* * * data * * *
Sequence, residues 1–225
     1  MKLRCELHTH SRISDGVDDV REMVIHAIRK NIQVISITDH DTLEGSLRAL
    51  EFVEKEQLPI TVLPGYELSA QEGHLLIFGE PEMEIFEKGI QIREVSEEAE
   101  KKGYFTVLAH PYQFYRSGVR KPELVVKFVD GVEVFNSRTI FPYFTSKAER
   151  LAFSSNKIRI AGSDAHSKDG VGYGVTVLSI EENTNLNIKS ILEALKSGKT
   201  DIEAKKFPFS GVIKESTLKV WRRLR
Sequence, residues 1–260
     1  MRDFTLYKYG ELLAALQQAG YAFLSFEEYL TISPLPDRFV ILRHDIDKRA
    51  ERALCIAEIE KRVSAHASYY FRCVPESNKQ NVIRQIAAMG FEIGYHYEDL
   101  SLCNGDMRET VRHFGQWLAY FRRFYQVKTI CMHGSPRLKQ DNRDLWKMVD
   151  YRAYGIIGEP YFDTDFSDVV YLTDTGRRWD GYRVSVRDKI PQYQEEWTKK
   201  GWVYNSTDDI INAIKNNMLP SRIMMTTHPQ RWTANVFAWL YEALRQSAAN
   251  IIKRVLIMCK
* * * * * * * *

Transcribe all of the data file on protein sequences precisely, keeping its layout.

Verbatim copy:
Sequence, residues 1–225
     1  MKLRCELHTH SRISDGVDDV REMVIHAIRK NIQVISITDH DTLEGSLRAL
    51  EFVEKEQLPI TVLPGYELSA QEGHLLIFGE PEMEIFEKGI QIREVSEEAE
   101  KKGYFTVLAH PYQFYRSGVR KPELVVKFVD GVEVFNSRTI FPYFTSKAER
   151  LAFSSNKIRI AGSDAHSKDG VGYGVTVLSI EENTNLNIKS ILEALKSGKT
   201  DIEAKKFPFS GVIKESTLKV WRRLR
Sequence, residues 1–260
     1  MRDFTLYKYG ELLAALQQAG YAFLSFEEYL TISPLPDRFV ILRHDIDKRA
    51  ERALCIAEIE KRVSAHASYY FRCVPESNKQ NVIRQIAAMG FEIGYHYEDL
   101  SLCNGDMRET VRHFGQWLAY FRRFYQVKTI CMHGSPRLKQ DNRDLWKMVD
   151  YRAYGIIGEP YFDTDFSDVV YLTDTGRRWD GYRVSVRDKI PQYQEEWTKK
   201  GWVYNSTDDI INAIKNNMLP SRIMMTTHPQ RWTANVFAWL YEALRQSAAN
   251  IIKRVLIMCK